I take venlafaxine since 2001. It helps both depression and anxiety. Sometimes I have bouts of severe depression, but I don't want to increase my dose. My LLMD says it interferes with his treatment for my chronic, late-stage Lyme disease. Phenibut helps depression and anxiety. I don't think that clinical depression and anxiety can be cured. Drugs aren't the answer. I want to get off of Venlafaxine for its serious side effects; ditto the omeprazole I'm taking. Drug cos. downplay those.

Mark said...

Anti-depressants *may* work on *some* individuals with a chemical imbalance, yet, anti-depressants do not work on individuals with a structural form of depression.

Anniebird said...

Depressed for 20 years. Off and on anti depressants. Now happy and off them for 10. Employed and sustain all your recommendations, lots of work on healthy gut. Daily yoga, happy thoughts.

SmartEaters said...

This is a helpful and accurate piece.

The serotonin hypothesis is already a defunct and discredited one, already now accepted as nonsense by those in the know, as for example with the cholesterol hypothesis of heart diseaase.

There are 2 principal difficultis involved with treating depression in a more "natural", nutritionally focused way:

One is that depression is really an umbrella term and you could find 10 folk depressed for each of 10 different underlying reasons. Certainly deficiencies in B vits, vit D and omega 3s may be associated with depression: however. there are very many other possibilities also. Some of these other issues are discussed in a piece on nutrition and depression accesible just now on the home page of smarteaters.org

The other difficulty is the inherent compliance issues: those very people who might most need and most benefit from applying major challenging dietary changes, being depressed, are often very unwilling or unable to do so. It's a Catch 22: depression can't be beaten without a fight and most depressed people don't have much energy for any kind of a contest. Unfortunately the other modalities that really help such as Yoga also take time and effort to bear fruit and so are often overlooked.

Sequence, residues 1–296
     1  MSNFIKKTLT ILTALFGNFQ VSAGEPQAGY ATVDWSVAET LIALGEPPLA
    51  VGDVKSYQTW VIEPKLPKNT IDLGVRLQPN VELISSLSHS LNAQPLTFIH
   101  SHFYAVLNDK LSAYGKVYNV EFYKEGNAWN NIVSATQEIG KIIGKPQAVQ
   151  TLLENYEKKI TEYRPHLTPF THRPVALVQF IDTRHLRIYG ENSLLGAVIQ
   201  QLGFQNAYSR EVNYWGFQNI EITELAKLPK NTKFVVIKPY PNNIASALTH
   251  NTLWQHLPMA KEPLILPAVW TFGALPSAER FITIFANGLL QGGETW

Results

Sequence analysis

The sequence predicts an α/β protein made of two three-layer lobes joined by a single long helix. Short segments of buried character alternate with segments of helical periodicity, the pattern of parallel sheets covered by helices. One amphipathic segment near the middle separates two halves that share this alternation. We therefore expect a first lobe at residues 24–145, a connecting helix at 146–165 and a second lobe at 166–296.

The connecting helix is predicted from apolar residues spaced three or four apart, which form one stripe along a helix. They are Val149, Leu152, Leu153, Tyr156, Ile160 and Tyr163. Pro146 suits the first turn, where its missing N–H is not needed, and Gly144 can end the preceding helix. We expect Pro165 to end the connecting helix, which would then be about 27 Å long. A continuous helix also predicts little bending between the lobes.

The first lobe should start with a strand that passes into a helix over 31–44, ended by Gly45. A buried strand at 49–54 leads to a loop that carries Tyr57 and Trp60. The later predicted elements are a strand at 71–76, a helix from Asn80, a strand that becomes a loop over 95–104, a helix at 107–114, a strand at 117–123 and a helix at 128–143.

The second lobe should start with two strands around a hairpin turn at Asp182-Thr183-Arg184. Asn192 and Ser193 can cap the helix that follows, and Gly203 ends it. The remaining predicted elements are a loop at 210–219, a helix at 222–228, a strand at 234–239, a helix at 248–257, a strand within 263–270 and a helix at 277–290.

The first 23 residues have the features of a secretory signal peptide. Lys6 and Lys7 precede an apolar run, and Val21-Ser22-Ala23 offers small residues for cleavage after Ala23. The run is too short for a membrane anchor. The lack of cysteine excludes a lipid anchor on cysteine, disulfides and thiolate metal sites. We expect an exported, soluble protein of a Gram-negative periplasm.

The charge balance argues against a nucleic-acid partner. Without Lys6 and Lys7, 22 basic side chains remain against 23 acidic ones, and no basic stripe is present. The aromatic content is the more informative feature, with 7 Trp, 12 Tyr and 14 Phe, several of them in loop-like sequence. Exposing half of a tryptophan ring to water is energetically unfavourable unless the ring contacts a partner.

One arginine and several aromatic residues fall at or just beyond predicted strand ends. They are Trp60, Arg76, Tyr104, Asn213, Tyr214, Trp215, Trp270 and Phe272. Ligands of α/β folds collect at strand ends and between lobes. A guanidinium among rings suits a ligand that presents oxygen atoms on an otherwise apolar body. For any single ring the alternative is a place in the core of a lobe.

The solution? Ultimatley it's about properly targetted supplemental assistance whilst dietary upgrade is searched for over time. He who is not spiralling downwards, is in fact spiralling upwards ...

Anonymous said...

I see this all the time in my job, of 22 yrs as a pharmacy tech. People have been on antidepressants for years with no real improvement in their symptoms. You really do have to treat the cause of the depression. For me I have struggled with it for years, starting when my father was murdered. 27 years later, I still find that it is my diet, mind focus and spirit that helps me most. All the meds and supplements are just a band-aid for me.

Life Extension said...

Anonymous, thank you for sharing your story with us. And we want you to know that you're absolutely correct. Diet plays a MAJOR role for most people.

Richard J. Metzner, MD said...

With all due respect to Dr. Smith and those who commented favorably, there are so many medically inaccurate statements in this piece that I wrote a response to it on the website: DepressionConsultant.com called "Misinformation about Antidepressants on the Internet." Life Extension responded within three hours of my posting it that they "completely agree." I hope you'll take a look to find out why.

Ellen Sweet Moss said...

I also disagree ....Antidepressants have saved my life. My son however can not seem to find one that lasts.

Bob Fiddaman said...

"Anti-depressants *may* work on *some* individuals with a chemical imbalance"

Complete nonsense. The chemical imbalance idea was put forward by the pharmaceutical industry, it was a scaremongering tactic designed to make people believe they had an illness that could be treated.

In fact, there is no scientific evidence that a chemical imbalance exists. Once taking these powerful group of drugs is the only time you can see a change to the chemicals.

Write to any pharmaceutical company and ask for evidence of the chemical imbalance...they will not be able to provide it to you because it simply never existed. It was a marketing tactic that duped patients and medical professionals.

Some of the comments we here are along the lines of 'antidepressants saved my life' - How can we be sure this is the case? How do we know that this wasn't merely a placebo effect?